Camping brew - Getting sodded on home-brew wine

Submitted: Friday, Apr 07, 2006 at 19:02
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Yikes! We've made a pile of wine we'll be taking on camping trips over winter.

Plum wine made from our orchard fruit - and we've just opened our first bottle since bottling a few weeks ago. It's VERY drinkable for such a..uhmmm... "young" wine :) It's very clear now - and all the clouding had dissappeared - a very nice rose colour.

Wow!!!! LOL!!! Jeez... it's got a KICK .... YeeHah!!!
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Reply By: Member - Omaroo (NSW) - Friday, Apr 07, 2006 at 19:17

Friday, Apr 07, 2006 at 19:17
Omaroo Plum Wine - Batch #0001


AnswerID: 165634

Reply By: Member-Neil & Margie-Cairns - Friday, Apr 07, 2006 at 19:38

Friday, Apr 07, 2006 at 19:38
G'day Omaroo ,,
good to hear your first drop went well , we have a bowen mango tree in the back yard , Margie made 2 brews last year , 1 she added some sugar too a few days before botteling , this made it just a little sparkling ,, was very easy to drink , but be very careful just how much sugar you put in at this stage ,, we are not to far from opening the first bottle of this years ,, can only hope its better ..

Looking at the pic you put up ,, i think you will enjoy it very much ,, all the best ,, Neil & Margie !!

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Follow Up By: Member - Omaroo (NSW) - Friday, Apr 07, 2006 at 19:41

Friday, Apr 07, 2006 at 19:41
Hey there Niel :)

Yup - this one is a little spritzy too!

Verrry noice!
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Reply By: Jimbo - Friday, Apr 07, 2006 at 20:08

Friday, Apr 07, 2006 at 20:08
Just how does one make one of these fine brews?

Is it an involved process?

I remember my Nanna used to talk about making beetroot wine. I must call her and ask, she's a spritely 93 and still as sharp as a $hithouse rat.
AnswerID: 165652

Follow Up By: Member - Willie , Epping .Syd. - Friday, Apr 07, 2006 at 20:22

Friday, Apr 07, 2006 at 20:22
And as cunning as a tack ?
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Follow Up By: Member - Omaroo (NSW) - Friday, Apr 07, 2006 at 20:51

Friday, Apr 07, 2006 at 20:51
Jimbo - it's VERY easy!!

Get yourself a 20 litre plastic keg with a big screw top. Stick an air-lock in it with a grommet (a few bucks at a home brew shop). Make sure it is clean by washing it out (no soap!!!) with clean water and home-brew-shop-steriliser powder.

Mulch up (no pips) about 4 kilos of ripe plums. Doesn't need to be mush - but rather hand squished. Get a couple of litres of REALLY warm water (but not boiling) on the stove and add 2 kilos of white sugar. Dissolve as much as you can and let cool. Add to the plums. Add enogh water to fill the 20 litre container to the 16 litre mark. Add a couple of teaspoons of baker's yeast. Good enough!

Sit aside for about a week. It'll go bloop-bloop-bloop for the entire period. Keep at around 26 degrees.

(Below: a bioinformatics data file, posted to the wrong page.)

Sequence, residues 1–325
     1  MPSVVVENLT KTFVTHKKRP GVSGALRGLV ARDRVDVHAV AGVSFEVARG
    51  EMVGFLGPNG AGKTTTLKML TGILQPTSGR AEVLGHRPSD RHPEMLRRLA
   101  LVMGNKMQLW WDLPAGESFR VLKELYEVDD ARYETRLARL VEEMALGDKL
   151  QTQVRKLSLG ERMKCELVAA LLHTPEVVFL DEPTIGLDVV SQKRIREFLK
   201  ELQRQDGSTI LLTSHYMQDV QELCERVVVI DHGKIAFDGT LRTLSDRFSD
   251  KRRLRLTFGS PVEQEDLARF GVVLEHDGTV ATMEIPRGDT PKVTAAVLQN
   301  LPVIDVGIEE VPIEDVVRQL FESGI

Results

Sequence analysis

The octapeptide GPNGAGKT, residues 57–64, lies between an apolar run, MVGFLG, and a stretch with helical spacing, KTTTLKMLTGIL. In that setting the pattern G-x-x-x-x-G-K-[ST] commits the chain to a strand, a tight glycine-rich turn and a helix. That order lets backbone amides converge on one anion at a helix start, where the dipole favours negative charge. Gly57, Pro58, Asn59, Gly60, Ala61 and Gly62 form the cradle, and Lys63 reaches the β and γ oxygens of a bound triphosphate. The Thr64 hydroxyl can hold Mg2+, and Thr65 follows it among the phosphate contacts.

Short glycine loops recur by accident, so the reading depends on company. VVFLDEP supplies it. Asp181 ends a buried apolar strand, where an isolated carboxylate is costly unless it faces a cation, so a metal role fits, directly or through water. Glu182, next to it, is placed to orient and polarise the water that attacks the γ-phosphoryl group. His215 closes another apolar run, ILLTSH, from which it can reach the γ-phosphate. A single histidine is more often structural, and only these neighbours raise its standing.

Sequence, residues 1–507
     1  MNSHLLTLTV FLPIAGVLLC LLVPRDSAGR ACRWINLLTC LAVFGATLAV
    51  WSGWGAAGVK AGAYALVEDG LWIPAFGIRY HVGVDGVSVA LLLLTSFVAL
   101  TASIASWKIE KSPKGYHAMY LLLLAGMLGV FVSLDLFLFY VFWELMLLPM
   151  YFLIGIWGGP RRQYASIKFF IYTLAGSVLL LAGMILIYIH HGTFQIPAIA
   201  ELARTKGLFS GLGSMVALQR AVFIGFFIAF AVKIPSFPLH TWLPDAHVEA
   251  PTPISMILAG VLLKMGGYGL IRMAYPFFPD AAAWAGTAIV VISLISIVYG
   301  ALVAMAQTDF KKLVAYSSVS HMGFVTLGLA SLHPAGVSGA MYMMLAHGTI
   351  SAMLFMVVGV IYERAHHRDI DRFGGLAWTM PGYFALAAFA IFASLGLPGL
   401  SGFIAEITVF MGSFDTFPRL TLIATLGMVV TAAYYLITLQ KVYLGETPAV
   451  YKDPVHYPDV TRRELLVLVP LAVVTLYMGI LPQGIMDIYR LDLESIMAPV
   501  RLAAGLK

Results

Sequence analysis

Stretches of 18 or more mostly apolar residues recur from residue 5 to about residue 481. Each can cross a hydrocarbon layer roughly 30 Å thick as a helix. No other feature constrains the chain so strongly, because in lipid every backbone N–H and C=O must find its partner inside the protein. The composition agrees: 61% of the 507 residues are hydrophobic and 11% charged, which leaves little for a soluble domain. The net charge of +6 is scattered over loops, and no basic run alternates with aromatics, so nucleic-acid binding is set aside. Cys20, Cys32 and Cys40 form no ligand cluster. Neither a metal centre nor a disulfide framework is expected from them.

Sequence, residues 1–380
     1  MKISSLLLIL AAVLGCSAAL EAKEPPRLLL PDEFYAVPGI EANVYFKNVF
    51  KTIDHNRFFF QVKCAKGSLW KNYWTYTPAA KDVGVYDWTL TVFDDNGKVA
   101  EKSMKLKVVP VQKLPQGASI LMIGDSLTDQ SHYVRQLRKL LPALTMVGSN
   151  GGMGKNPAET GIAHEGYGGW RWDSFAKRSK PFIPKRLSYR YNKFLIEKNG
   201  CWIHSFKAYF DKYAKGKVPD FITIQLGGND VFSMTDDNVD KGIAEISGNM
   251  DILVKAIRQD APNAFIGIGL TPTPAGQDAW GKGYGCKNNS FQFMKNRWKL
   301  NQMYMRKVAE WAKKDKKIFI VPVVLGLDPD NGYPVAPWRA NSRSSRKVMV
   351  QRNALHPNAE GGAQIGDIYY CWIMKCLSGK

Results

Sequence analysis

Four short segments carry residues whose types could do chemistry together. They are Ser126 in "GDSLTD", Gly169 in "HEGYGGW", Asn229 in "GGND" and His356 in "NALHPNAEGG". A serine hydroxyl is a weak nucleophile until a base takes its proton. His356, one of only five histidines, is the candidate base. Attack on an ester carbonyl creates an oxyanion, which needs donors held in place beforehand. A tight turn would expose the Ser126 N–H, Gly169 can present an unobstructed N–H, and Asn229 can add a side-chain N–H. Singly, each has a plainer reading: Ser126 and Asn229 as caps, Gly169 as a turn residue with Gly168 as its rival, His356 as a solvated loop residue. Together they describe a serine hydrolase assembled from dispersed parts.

At the end of the blooping cycle (when it slows down appreciably) prepare another one litre batch of water with about a kilo of sugar. Add to the keg and let go for another 9 days.

Once it's all done, strain the mix off through muslin cloth into sterilised bottles and cork.

Nothing to it!!

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Follow Up By: Jimbo - Friday, Apr 07, 2006 at 21:03

Friday, Apr 07, 2006 at 21:03
Thanks Omaroo.

Willie, when I said she's as sharp as a Dunny Rat, I meant her mind. My old Nanna hasn't, and never has, got a nasty bone in her body. Poor wording on my part. She's a gem.
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Reply By: Member - Willie , Epping .Syd. - Friday, Apr 07, 2006 at 20:27

Friday, Apr 07, 2006 at 20:27
Chris ,
If I sent you $25 to pay a deposit for fishing on your river , could you post me a bottle ? I would love to try it ( you do not have a licence , so I could not buy it from you )
Maybe you could member message me if this is OK .
Thanks ,
Willie .
AnswerID: 165658

Follow Up By: Member - Omaroo (NSW) - Friday, Apr 07, 2006 at 20:38

Friday, Apr 07, 2006 at 20:38
Hey Willie! WhereaboutsareyouinthebigNSW? Stuff the dollars - we have to catch up and swig a few over a campfire!

It's not exactly Grange mind you - it's still a bit sweet and spritzy - which will go with age. Apart from that it drinks well cold - kind of like a Spatelese Riesling.

Oh well! It is very noice!
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Follow Up By: Member - Willie , Epping .Syd. - Friday, Apr 07, 2006 at 20:47

Friday, Apr 07, 2006 at 20:47
Chris ,

You will have to pack and post and I would not like to see you out of pocket . I would member message you with my address , but I cannot figure out how . That's the problem with being thick .

Can you message me , or tell me how to do it please .

Willie .
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Follow Up By: Member - Omaroo (NSW) - Friday, Apr 07, 2006 at 21:26

Friday, Apr 07, 2006 at 21:26
I've sent you a message Willie :) We'll arrange it somehow soon!

If you prefer, my email address is:

chris@omaroo.net

Cheers
Chris

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Reply By: Member - Prickle (SA) - Friday, Apr 07, 2006 at 21:08

Friday, Apr 07, 2006 at 21:08
I was once told that 2 much home made wine makes you go blind.